This is a post about motivation.
When we started this blog, my intention was to post new content every week, ideally more than once. For several months, I’ve lived up to that expectation. I was excited about writing. I was passionate. I was motivated.
And then there’s the last two weeks — during which, as you may have noticed, I have not blogged.
We all go through periods where we just don’t feel like doing the things we’ve committed to, no matter how important we know they are in our brains. There are a ton of reasons. It could be anxiety about an upcoming situation. It could be that something happened that makes you feel down. It could simply be you’re not getting enough sleep. Or maybe you legitimately just have been too busy with other work and don’t have the energy left to write. In my case, my grandmother, with whom I was very close, passed away on November 1. I just haven’t felt much like writing since then.
I’m having no problem getting work done for our clients, but those tasks are things I’ve committed to do for others. There are clear and present consequences to dropping the ball there.
This is a post about getting your important work done when you’re the only one who can “make” you do it.
Each of us have different prompts that trigger our motivation. For some of us, it’s collaboration, opportunity and positive reinforcement. For others, it’s guilt, obligation or fear of failure.
Whichever side of the carrot-and-stick equation you find yourself on, here are ten tips to help you refocus.
- What parts of writing do you really enjoy? Focus on those things to retrain your “writing muscles” and get into flow.
- Go find a new place to work. Change your surroundings — especially if your environment is part of why you’re demotivated. Have a favorite local coffee shop?
- Interview somebody else you always wanted to talk to. If you’re not feeling particularly creative, maybe they are. Ideas will flow from them.
- Try writing a completely different kind of post. Instead of a regular “10 Tips…” post, find a cartoon. A video post. Draw something. Post a photo slide show of what is happening in your office. Break out of your routine.
- Sometimes you just have to force yourself to start and you end up in flow. Try to carve out time in your schedule when you do not expect any interruption at all.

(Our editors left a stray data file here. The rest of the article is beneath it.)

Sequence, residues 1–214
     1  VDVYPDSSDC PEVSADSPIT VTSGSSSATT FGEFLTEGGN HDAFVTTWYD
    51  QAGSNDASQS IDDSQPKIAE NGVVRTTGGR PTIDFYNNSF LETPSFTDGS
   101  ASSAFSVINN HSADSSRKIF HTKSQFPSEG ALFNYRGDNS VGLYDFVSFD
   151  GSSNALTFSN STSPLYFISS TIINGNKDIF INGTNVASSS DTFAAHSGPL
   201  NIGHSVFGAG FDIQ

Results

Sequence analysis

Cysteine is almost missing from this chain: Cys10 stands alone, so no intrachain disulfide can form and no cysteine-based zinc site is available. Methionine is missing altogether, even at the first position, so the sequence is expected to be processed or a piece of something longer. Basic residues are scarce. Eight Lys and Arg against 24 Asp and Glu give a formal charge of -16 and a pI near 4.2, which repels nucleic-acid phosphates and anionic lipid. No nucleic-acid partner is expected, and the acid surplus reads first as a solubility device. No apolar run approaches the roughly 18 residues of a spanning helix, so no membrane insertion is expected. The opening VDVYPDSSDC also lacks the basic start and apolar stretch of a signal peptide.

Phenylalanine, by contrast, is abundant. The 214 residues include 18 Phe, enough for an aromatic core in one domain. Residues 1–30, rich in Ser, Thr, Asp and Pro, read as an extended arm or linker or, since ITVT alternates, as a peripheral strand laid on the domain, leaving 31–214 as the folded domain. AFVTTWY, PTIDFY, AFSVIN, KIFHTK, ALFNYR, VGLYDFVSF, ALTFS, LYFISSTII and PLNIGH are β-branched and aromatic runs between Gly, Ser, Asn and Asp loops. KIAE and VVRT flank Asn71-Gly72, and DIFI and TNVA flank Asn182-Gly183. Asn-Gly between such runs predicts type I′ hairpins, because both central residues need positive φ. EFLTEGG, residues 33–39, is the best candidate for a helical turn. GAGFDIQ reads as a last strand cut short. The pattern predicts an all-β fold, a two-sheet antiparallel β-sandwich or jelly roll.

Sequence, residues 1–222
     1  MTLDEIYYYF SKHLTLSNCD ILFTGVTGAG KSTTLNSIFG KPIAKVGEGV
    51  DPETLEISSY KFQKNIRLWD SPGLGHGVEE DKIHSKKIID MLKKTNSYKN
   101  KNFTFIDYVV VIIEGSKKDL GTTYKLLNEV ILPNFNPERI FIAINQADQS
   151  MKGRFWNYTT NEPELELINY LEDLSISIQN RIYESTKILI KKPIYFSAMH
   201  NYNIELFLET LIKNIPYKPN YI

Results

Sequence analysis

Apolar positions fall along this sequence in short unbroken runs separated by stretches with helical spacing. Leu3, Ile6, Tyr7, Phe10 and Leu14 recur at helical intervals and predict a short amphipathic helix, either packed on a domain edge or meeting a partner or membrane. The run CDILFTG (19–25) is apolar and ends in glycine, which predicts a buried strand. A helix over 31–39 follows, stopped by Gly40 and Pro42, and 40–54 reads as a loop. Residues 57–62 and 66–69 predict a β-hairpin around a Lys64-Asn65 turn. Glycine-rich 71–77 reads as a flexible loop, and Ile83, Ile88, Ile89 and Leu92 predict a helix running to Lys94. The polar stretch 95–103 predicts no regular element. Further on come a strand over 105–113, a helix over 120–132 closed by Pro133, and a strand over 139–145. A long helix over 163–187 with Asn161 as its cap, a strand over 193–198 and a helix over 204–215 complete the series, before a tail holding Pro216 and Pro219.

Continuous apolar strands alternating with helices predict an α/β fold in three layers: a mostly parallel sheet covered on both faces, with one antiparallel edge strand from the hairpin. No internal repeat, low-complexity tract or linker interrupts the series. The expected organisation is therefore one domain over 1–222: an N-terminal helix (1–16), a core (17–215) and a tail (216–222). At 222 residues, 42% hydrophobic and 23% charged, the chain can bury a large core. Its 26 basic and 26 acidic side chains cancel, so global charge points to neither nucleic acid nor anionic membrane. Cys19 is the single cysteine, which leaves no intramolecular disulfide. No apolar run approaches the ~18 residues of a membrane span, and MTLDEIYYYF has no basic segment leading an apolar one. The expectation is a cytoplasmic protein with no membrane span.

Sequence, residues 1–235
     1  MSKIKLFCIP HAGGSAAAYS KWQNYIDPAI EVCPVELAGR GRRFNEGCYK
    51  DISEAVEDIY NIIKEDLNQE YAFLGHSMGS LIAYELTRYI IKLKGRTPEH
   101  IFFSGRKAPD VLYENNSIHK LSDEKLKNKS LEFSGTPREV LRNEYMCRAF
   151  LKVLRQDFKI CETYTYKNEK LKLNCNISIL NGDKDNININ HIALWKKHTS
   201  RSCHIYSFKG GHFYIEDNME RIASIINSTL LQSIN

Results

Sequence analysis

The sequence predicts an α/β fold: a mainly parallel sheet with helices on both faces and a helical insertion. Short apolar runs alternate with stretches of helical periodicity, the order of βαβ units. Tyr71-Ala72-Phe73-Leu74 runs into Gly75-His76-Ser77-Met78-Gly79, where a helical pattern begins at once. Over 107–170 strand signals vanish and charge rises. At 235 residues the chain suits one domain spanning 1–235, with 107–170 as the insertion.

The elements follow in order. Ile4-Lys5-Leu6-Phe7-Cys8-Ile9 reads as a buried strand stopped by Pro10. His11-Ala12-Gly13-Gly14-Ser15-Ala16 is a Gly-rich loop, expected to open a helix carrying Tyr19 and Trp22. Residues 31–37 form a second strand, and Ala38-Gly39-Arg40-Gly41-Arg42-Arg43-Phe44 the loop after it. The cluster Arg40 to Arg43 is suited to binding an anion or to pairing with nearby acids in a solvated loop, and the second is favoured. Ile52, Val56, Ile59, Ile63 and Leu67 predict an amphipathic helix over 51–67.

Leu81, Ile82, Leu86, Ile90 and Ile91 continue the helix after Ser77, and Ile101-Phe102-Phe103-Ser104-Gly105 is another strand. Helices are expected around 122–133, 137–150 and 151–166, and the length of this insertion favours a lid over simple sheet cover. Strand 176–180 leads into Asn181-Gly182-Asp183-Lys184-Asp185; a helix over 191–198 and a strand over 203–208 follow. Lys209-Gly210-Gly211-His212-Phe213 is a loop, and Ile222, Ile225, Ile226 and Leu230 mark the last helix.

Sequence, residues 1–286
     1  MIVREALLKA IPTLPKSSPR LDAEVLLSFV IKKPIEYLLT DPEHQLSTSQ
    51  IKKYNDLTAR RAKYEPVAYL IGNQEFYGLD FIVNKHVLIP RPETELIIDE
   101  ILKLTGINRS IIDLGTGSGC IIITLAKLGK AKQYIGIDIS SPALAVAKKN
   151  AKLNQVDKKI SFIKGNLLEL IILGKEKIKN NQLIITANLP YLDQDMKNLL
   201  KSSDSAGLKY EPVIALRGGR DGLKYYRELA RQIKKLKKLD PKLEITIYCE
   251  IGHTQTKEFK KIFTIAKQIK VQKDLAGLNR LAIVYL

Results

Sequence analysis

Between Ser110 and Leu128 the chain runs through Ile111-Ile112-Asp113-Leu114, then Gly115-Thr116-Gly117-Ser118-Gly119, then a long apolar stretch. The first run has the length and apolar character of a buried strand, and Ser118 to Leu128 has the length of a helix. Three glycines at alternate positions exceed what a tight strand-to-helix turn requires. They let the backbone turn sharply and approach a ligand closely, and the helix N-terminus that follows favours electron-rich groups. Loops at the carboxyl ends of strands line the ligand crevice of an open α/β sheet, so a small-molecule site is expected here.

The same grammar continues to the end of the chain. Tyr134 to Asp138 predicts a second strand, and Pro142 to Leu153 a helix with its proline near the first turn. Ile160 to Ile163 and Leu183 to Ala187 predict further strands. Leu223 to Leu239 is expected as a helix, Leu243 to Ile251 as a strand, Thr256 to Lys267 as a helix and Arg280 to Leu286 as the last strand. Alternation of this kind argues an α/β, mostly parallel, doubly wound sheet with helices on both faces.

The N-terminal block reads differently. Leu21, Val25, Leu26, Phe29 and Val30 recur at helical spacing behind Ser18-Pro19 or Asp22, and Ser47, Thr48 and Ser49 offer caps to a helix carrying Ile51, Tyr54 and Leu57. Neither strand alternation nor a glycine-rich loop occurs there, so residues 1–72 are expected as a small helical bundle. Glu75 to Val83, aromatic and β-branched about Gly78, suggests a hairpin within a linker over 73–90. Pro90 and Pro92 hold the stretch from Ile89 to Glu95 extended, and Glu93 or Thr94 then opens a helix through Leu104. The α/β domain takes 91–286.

- Ask yourself, what do you wish you had done before when you were motivated that you wish you could make use of now? Which fuel do you wish you’d stockpiled for a rainy day? Work on that now, to get ahead for next time.
- Find another smart person and just brainstorm blog post ideas. As you discuss them, you may find yourself getting excited about one of them, making it much easier to move forward.
- Make somebody else give you a real deadline. Arrange your workflow so that you HAVE to get something done or there will be a negative consequence. Trick yourself into feeling like you owe somebody something, as though you’ll lose your job if you don’t do something.
- Think about your audience. Do not take them for granted. If you always blog on Mondays, they will expect it, because they’ve come to appreciate you as a source of information / insight / inspiration. If you take them for granted now, they may not come back later.
- Don’t overpromise. When you’re first starting to blog (or to do anything), you’re highly motivated, and you may expect that momentum to last forever. But real life occasionally trips us up. Know that there will be tough times, emergencies and distractions. Get excited about your work, yes, but also be honest about the sustainability of your efforts, so you can avoid feeling depressed if you fall behind. Because self-imposed guilt makes getting back on track even harder.
And here’s a bonus one: Write a post about ways to re-motivate yourself to write. It’s quite cathartic.
What are some other ways you have pushed yourself through a dry spell? Please comment below.